After I read the article, I poked around on the internet to see for myself the reaction of folks to this blatant abuse, and was rather horrified by what I found. I watched videos of the "Celebration"; there are lots of them if you look, unfortunately. Here is one that briefly shows the 2009 Champion: 2009 Walking Horse Celebration. (I think it's interesting that the rider is the brother of the guy arrested for abuse mentioned in the "Fugly" blog, and the rider in the photo above IS the abuser). To me, the "big lick" is unattractive. Maybe it's because I know that it's produced by pain. I'm much more impressed by the TWH's smooth and rhythmic (and natural) running walk. One of the videos I watched really got to me. It was so horrifying it was actually macabre: The crowd waited while the horses filed in. One by one, the wild-eyed, sweating horses broke into the 'big lick', and the crowd went wild. I tried to imagine it from the horses' point of view: You move the best you can with your feet hurting and your very bodily structures compromised, every joint aching from being forced into unnatural angles. A predatory gargoyle sits on your kidneys and hunches over your shoulders, simultaneously spurring you in the flanks and hanging on the reins, creating more pain. Your aching body is urged forward faster, the pain in your feet causing you to hold them higher and for just a bit longer. The crowd cheers the spectacle that your pain has created...

How is this still legal?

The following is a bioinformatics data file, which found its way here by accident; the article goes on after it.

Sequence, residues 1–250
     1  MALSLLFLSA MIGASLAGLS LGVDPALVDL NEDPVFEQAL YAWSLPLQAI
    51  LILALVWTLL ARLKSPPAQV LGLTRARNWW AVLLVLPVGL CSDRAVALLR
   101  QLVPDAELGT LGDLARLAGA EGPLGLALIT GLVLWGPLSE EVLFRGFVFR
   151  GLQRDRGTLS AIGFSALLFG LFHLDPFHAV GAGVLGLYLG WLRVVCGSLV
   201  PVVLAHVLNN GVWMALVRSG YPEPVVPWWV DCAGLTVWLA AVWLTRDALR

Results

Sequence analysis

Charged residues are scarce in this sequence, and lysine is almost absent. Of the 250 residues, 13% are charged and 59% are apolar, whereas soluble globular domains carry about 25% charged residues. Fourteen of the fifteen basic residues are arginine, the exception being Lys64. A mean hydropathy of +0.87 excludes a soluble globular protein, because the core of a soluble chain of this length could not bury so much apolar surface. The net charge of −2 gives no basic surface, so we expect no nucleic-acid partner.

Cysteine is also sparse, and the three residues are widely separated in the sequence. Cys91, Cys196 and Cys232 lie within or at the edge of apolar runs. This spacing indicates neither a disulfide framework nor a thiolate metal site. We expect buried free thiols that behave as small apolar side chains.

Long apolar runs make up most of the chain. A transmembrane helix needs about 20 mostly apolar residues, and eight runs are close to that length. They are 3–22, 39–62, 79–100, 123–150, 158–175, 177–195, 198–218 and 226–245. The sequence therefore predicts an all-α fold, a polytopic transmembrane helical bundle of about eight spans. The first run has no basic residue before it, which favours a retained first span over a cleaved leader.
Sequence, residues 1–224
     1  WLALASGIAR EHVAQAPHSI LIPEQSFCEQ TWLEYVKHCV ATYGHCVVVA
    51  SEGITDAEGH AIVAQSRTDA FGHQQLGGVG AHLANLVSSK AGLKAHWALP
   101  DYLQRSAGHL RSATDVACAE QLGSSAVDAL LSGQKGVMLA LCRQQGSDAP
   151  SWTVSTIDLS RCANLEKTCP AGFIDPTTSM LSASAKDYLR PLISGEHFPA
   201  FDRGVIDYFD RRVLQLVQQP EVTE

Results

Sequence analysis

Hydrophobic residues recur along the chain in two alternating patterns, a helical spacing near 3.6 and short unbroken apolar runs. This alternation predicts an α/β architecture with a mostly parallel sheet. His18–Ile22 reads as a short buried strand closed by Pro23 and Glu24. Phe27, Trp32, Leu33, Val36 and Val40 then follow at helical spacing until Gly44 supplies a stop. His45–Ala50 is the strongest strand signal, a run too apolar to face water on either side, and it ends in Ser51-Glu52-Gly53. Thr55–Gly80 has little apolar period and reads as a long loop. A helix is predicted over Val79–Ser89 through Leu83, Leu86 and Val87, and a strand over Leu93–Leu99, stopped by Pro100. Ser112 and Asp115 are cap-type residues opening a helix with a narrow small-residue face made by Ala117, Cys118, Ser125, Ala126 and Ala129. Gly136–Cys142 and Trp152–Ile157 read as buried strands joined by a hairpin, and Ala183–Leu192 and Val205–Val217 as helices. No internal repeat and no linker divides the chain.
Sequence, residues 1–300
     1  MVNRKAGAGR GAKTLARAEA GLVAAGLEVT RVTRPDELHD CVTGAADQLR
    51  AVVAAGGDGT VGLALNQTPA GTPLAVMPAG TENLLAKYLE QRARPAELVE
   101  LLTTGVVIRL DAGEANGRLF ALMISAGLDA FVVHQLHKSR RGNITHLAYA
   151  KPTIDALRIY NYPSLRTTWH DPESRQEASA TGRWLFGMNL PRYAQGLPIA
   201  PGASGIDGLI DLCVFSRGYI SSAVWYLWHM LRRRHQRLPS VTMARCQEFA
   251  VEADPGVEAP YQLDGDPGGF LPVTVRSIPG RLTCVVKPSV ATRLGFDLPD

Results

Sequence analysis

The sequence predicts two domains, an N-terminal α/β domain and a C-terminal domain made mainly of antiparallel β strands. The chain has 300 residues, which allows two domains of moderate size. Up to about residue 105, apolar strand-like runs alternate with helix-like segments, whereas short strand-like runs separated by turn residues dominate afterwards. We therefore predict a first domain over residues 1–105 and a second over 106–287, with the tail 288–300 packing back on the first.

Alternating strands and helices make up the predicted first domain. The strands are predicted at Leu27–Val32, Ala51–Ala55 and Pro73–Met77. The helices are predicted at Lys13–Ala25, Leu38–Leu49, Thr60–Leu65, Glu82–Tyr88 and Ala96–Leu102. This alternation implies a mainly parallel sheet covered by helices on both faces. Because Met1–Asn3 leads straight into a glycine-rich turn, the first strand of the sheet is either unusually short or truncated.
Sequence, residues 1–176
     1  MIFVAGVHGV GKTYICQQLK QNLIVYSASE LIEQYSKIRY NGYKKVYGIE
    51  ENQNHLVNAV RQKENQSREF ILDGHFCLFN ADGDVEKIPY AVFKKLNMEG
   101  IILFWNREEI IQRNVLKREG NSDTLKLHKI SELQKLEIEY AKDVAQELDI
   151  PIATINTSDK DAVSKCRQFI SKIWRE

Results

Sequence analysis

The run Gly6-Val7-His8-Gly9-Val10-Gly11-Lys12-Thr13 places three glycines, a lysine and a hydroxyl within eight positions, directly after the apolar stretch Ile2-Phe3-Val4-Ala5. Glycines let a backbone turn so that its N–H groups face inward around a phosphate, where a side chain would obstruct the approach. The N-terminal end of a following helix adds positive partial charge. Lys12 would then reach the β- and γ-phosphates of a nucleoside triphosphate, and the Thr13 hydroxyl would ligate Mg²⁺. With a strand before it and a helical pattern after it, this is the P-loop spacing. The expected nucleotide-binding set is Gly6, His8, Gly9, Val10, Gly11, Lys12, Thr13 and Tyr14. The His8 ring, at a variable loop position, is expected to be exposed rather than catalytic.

Wednesday, May 2, 2012

Product Review: Bold Lead Designs Pt. 2

Murphy sports his new harness
   First, let me apologize for the length of time between parts 1&2. My poor daughter has mono, and has been sick for a couple of weeks already. Perhaps that shouldn't distract me quite as much as it has considering she is almost 20, but there's something a little 'overly' about the single parent/only child relationship that I can't quite explain. Anyhoo, now that we know what's wrong I can get on with it:-)

   As much as I believe in words and the power of hyperbole, I can't say enough good about this harness. My first impression when I opened the box was "WOW!". As many of you know, I was a horse person long before I was a dog person. I was a dressage enthusiast (with an eventer daughter) so I have seen and handled my share of high-end horse equipment. When I lifted my new harness from the box I was transported back to a time when I had just received a new piece of expensive tack. The smell of leather was delicious and the quality of the harness was evident from the first glance.